Best Travel Socks for Every Trip

Stacey Ebert

What your socks are made of matters. A lot. The Tortuganauts, in general, are big fans of merino, and the Smartwool brand for our everyday adventure socks.

Socks – whether they’re colorful, lined, fuzzy, above the knee, toe, no-show, warm or trendy – we need them. They keep our toes warm, safe, healthy and ready for the next adventure. The right socks make long flights that much more comfortable and safe, can handle the quick switch from museum to dinner, and will stick with you from that riverside wander to the board room meeting. As strange as it may seem, GOOD travel socks are in a category all their own.

We know that, of course, there’s more than one type of sock out there for every pair of feet. Choose ankle, knee, crew and even no-show, depending on your needs. Since I could read Dr. Seuss’ Fox in Socks on my own, I’ve had my fair share of socks on my feet. Today, I’m the proud owner of a bunch of Darn Tough merino wool socks and as far as travel goes, they’re my absolute favorite. They’ve kept me warm and dry in Alaska, have managed countless weekend trails around San Diego. When socks are a must – these are the first ones I grab. Because one size definitely doesn’t fit all, explore your options and find the ones that make your feet the happiest.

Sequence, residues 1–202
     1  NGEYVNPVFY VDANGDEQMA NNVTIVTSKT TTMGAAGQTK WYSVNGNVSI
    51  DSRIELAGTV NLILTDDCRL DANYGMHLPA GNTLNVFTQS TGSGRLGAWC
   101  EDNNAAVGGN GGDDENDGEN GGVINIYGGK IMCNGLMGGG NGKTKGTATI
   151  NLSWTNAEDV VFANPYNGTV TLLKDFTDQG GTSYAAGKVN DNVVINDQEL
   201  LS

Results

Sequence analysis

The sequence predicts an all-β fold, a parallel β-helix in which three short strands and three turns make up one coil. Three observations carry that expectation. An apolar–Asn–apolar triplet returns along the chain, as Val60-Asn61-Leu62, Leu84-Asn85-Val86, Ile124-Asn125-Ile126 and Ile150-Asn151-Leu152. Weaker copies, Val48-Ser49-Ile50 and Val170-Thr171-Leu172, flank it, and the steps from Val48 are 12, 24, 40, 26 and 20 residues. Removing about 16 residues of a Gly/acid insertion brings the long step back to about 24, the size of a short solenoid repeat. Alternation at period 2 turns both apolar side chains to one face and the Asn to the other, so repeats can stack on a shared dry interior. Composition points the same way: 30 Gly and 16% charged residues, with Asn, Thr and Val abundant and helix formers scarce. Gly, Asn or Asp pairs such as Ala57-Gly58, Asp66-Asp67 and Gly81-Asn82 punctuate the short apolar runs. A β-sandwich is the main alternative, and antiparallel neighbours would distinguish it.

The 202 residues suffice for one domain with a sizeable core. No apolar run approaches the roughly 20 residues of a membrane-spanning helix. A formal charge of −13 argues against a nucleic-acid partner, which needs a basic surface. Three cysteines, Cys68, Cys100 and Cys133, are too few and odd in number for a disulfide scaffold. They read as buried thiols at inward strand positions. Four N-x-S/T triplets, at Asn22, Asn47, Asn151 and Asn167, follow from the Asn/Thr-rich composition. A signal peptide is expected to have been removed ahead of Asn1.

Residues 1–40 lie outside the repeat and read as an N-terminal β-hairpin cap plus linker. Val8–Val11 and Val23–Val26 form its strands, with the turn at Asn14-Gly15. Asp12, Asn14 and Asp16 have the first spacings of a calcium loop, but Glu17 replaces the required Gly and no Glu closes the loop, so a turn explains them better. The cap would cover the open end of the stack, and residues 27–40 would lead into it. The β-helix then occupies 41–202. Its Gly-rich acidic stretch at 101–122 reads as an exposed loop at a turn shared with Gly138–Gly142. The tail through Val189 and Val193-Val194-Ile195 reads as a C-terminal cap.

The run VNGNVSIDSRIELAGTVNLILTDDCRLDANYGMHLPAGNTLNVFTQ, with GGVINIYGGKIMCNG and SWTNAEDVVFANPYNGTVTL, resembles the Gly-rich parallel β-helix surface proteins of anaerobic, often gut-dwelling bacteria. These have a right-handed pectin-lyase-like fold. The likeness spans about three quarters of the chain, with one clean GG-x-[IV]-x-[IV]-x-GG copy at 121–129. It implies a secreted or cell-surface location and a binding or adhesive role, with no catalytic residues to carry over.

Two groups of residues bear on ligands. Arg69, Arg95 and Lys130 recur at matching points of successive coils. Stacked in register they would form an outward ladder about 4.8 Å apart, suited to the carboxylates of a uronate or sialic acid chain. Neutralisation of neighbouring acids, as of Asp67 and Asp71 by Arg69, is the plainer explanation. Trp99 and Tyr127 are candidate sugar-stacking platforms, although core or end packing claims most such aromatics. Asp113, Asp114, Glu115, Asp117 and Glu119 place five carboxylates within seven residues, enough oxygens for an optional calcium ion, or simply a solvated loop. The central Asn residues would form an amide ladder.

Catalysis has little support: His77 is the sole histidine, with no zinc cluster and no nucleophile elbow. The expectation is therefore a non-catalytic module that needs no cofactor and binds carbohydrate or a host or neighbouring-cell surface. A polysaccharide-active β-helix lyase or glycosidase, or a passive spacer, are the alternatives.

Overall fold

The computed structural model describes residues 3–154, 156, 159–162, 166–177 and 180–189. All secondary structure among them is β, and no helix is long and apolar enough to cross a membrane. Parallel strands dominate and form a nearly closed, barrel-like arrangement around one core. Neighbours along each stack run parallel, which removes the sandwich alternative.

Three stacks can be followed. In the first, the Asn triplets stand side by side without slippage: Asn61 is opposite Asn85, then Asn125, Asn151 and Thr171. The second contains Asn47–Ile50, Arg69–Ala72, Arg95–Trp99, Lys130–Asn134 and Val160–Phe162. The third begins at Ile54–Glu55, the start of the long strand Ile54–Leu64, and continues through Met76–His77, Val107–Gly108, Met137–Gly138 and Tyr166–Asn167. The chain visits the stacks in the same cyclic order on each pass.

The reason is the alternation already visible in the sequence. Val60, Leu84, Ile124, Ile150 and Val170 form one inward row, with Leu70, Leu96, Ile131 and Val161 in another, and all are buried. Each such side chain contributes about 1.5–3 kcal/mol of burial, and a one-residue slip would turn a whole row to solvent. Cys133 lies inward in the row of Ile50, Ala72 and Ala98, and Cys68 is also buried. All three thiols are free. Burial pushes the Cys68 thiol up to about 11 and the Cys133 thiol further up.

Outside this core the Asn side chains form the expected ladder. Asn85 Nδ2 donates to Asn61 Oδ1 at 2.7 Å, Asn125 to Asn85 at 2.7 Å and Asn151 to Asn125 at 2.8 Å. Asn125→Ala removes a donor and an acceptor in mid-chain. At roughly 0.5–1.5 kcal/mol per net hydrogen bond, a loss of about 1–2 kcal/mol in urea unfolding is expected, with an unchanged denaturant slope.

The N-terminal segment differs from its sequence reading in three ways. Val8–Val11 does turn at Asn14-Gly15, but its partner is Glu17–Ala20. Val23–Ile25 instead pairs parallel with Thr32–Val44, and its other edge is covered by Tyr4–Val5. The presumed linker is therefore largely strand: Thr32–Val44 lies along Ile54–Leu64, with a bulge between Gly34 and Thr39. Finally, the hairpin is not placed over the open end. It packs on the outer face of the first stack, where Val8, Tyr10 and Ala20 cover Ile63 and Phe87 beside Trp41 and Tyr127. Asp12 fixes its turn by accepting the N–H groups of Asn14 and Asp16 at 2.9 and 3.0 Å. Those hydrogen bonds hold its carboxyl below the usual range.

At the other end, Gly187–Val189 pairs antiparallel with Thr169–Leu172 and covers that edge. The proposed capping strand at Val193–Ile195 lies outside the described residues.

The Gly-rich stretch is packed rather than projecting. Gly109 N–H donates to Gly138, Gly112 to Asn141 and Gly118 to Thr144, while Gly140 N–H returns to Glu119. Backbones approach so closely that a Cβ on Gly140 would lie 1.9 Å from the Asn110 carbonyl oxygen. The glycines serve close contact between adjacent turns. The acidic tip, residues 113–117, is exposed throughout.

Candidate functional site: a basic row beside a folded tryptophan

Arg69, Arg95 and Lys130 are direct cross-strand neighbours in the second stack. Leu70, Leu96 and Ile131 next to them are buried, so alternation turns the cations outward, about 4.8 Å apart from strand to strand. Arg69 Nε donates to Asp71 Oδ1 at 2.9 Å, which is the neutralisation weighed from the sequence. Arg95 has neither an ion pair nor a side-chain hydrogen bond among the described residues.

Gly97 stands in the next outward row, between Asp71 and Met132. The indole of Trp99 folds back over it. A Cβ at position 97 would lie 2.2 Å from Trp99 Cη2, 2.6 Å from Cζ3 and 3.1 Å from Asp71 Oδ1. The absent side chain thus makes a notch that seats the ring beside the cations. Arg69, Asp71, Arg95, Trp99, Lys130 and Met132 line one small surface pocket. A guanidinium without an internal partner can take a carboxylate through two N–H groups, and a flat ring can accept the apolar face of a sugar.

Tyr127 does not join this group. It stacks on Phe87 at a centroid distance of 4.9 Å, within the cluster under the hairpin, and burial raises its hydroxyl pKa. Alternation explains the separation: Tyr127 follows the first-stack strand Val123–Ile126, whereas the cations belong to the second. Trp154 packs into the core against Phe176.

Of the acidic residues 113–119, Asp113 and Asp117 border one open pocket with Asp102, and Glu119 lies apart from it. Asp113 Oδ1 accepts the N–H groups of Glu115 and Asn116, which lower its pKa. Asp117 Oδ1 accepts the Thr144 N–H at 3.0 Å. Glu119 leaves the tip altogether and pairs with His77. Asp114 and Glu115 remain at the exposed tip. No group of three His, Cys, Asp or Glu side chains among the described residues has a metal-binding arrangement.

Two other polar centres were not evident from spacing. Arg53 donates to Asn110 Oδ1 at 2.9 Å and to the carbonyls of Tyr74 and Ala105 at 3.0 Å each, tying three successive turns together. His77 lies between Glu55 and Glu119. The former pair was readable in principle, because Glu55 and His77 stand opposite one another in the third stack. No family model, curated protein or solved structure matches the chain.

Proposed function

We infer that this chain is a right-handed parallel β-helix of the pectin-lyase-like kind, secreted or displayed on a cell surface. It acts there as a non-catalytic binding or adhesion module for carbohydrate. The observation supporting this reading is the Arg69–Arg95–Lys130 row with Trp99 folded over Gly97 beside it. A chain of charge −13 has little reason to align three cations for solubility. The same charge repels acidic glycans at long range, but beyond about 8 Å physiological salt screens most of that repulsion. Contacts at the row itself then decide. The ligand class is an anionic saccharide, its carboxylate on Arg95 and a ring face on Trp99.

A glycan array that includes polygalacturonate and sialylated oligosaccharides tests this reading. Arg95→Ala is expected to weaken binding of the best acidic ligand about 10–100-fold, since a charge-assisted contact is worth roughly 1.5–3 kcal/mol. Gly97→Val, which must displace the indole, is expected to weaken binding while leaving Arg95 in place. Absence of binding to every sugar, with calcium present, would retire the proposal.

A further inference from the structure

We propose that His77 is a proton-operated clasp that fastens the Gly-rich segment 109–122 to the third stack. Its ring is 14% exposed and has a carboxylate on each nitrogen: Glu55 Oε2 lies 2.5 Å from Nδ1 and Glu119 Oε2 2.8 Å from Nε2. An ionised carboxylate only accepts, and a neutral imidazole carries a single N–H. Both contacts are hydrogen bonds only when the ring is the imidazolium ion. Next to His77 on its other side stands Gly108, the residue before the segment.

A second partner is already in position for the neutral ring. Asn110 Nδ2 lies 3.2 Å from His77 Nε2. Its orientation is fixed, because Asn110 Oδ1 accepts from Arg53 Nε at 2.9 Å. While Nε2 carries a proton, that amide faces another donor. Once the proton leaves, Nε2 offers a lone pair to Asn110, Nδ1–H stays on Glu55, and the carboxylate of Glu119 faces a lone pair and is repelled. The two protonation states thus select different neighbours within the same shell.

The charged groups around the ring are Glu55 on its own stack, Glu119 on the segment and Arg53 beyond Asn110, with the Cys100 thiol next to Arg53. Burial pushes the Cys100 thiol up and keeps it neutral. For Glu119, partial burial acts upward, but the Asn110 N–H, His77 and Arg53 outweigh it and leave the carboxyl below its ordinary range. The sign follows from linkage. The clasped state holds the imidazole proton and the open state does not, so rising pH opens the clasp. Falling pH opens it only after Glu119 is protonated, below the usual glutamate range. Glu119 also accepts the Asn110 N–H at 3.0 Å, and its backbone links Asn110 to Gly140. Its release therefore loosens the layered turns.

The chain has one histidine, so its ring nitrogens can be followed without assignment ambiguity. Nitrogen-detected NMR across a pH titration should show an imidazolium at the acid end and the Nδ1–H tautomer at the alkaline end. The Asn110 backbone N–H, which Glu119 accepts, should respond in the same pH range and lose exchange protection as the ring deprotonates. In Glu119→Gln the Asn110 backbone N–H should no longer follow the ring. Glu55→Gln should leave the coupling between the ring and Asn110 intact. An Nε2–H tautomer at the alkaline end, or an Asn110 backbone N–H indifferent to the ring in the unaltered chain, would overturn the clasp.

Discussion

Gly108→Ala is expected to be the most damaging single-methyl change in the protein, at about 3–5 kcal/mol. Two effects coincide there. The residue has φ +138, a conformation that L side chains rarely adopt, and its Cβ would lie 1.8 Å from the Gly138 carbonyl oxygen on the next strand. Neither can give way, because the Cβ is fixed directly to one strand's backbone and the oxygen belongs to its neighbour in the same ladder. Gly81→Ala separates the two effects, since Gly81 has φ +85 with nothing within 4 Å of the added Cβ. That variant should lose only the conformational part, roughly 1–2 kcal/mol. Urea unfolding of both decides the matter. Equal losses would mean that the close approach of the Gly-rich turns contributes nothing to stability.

Expert Advice on Choosing Travel Socks

An REI staff member (who wished to remain anonymous) spent time talking with me in their hefty travel sock section. He showed me the difference between the merino wool of today’s socks that were far less itchy than the ones I remember from yesteryear.

He explained the sweat-free benefits of the CoolMax® synthetic fiber used today for many liners and socks. He shared the made in America nature of the Farm to Feet® brand and how the ones in their ‘No Fly Zone’ have the bug spray built in to the material. He explained that the greater the thickness of the sock the fewer blisters you might develop (depending of course on the fit of your shoes).